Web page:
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Should a veteran pay for Medicare?
Social Security Matters
Russell Gloor

Dear Rusty: I am a Veteran and all my Medical needs are covered by the VA. Why should I be paying for Medicare out of my monthly SS check? Signed: Inquiring Veteran 

Dear Inquiring Veteran: Well, it depends upon how comfortable you are that the VA will be able to provide ALL the medical services you may ever need, emergency or otherwise, for the rest of your life. I, too, am a veteran and receive some of my care – such as wellness exams, blood tests, some prescription drugs, and immunizations – from the VA, but I also have Medicare to cover other services which are not typically available on an immediate basis from the VA. The point is, there will almost surely be times when you won’t be able to rely on the VA for needed immediate care or certain specialized services from specific medical experts, and if you don’t have Medicare you may find yourself facing some very large medical expenses for which you will be personally responsible. That’s where Medicare will help because nearly every medical facility and health-care service in the country accepts patients with Medicare. And being immediately accepted as a Medicare patient anywhere in the country, anytime of day or night must certainly have some value for you. After all, none of us know what our health future will be. 

Since you’re now collecting Social Security I assume you’re already enrolled in Medicare Parts A & B, and you’re questioning why you should continue to pay the Part B premium. Medicare Part B is coverage for doctors and other outpatient services, while Medicare Part A provides hospitalization coverage. There’s a premium for Part B ($135.50/month in 2019), but Part A is free if you also qualify for Social Security. And, by the way, you must have Medicare Part A to collect Social Security after you’re 65. For information, VA coverage for drugs is considered “creditable” as an alternative to Medicare Part D prescription drug coverage. But other VA health-care coverage is not a “creditable” alternative to Part B by Medicare’s standards, so it won’t count for avoiding a late enrollment penalty if you drop Part B now and decide afterwards to re-enroll.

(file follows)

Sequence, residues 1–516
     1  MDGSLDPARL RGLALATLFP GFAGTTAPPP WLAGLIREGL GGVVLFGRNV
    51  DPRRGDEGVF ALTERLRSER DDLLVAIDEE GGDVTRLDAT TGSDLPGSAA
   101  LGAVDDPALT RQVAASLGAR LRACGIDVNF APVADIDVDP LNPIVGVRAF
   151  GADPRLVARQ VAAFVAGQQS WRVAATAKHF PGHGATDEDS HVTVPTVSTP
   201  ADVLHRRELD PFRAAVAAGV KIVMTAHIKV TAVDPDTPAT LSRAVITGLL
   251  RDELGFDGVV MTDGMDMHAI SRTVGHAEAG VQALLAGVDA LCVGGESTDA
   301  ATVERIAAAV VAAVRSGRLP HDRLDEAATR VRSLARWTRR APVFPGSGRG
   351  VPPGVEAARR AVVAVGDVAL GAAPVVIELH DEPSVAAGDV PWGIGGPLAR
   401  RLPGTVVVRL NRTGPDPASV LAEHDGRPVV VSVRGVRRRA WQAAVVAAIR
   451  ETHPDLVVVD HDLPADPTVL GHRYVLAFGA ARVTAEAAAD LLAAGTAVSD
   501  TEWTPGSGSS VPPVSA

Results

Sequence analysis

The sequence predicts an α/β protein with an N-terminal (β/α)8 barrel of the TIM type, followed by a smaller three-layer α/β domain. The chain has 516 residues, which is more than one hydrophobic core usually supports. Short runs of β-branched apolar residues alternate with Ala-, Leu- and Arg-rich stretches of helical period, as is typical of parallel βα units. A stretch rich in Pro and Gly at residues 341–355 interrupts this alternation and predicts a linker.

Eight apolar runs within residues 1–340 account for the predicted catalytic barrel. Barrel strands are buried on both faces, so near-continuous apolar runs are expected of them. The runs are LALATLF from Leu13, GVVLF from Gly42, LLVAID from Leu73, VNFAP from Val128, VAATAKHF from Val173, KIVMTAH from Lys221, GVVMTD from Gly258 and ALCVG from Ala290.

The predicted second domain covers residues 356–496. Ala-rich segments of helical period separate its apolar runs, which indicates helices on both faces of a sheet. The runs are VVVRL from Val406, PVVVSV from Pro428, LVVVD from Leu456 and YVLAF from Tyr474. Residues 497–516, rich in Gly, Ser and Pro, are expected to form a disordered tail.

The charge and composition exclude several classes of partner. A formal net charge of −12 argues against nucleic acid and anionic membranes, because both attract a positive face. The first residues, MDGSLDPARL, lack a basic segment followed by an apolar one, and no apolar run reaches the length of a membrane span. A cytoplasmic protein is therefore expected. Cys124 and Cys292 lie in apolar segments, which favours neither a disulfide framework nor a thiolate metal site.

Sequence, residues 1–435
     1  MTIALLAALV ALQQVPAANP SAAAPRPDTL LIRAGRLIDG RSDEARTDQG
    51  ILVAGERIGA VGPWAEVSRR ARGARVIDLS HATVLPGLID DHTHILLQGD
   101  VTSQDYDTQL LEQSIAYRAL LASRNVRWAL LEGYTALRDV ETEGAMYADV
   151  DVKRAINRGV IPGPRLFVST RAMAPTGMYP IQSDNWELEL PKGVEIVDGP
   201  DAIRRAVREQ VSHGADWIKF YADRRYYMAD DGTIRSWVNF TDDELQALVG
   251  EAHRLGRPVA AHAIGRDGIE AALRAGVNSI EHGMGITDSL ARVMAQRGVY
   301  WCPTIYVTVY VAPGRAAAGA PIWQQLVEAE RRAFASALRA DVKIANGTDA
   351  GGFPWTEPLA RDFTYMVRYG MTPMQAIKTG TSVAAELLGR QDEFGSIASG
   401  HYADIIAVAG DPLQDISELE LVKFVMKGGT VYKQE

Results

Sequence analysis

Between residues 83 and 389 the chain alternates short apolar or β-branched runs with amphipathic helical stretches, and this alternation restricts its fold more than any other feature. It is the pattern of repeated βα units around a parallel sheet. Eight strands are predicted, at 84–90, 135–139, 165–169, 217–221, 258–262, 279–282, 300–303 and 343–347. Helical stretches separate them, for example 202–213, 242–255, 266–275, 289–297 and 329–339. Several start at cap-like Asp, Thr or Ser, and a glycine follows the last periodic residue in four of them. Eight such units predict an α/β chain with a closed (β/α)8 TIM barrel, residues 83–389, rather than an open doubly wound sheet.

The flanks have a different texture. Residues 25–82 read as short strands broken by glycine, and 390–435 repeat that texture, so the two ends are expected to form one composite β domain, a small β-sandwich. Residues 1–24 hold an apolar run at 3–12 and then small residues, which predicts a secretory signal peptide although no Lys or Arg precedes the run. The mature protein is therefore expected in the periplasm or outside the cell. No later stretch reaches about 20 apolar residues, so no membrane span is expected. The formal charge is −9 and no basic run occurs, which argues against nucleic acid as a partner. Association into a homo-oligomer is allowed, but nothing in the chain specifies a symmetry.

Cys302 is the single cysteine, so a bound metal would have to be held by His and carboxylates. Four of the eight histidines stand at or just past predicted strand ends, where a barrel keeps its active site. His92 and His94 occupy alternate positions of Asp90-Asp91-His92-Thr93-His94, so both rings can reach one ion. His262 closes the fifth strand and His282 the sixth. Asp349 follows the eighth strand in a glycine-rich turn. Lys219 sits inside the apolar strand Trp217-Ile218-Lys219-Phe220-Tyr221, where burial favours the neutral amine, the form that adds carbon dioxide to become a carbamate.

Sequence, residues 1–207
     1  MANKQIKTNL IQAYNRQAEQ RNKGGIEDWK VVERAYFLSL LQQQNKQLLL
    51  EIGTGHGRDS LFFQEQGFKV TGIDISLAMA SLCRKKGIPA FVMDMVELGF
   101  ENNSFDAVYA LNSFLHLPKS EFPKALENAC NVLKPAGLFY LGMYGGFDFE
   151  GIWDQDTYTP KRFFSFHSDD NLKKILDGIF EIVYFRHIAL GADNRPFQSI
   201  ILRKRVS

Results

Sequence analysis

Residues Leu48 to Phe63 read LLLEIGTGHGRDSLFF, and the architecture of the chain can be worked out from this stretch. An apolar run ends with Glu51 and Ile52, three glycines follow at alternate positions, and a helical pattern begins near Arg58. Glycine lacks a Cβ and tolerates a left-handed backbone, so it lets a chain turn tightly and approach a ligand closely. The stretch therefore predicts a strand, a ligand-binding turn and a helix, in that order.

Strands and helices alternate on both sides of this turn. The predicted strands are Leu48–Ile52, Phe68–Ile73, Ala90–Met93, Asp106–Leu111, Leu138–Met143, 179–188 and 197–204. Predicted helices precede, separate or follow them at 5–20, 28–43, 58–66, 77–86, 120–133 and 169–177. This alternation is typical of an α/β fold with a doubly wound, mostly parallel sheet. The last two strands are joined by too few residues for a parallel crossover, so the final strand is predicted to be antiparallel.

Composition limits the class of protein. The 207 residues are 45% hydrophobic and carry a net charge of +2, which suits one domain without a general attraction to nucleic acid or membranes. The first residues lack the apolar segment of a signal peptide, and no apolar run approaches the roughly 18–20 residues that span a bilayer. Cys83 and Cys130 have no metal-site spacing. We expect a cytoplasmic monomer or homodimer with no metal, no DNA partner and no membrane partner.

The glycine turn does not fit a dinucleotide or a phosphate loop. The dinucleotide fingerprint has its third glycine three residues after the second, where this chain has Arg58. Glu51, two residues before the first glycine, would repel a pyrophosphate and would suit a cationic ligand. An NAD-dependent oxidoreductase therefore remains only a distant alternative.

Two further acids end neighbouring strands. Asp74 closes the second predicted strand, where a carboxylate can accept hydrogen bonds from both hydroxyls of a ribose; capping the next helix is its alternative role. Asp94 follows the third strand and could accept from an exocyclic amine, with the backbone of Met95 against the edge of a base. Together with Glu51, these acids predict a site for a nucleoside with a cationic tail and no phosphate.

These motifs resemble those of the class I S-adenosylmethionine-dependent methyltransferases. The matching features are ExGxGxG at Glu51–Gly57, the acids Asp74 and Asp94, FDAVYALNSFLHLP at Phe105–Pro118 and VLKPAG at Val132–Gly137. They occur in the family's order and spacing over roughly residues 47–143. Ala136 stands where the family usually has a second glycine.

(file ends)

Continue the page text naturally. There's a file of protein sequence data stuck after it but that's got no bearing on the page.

Unless you have other “creditable” healthcare coverage from your or your spouse’s employer after dropping Part B, re-enrolling later will result in you being assessed a late enrollment penalty of 10 percent on top of the Part B premium amount, recurring every year, for each full year you go without Part B coverage. That penalty doesn’t go away, and It will go up as the Medicare Part B premium increases (which it does from time to time). 

Additionally, you will be restricted when you can later re-enroll and when your coverage will start again. For clarity, if you have other “creditable” (not VA) coverage you can drop Part B, save the premium, and re-enroll in Part B again later without penalty (when your other “creditable” coverage ends). But if you don’t, you may find your health-care options limited and you’ll incur penalties for re-enrolling in Part B later.

Obviously the choice is yours to make, but I suggest you consider the above points carefully when making your decision about whether to drop Medicare Part B and rely only on the VA only for your healthcare coverage. That’s not to take anything away from the excellent health-care services offered by the VA, but only to make sure you’re aware of the risks associated with dropping Medicare Part B.

Russell Gloor is an Association of Mature American Citizens certified social security advisor.  To submit a question, visit or email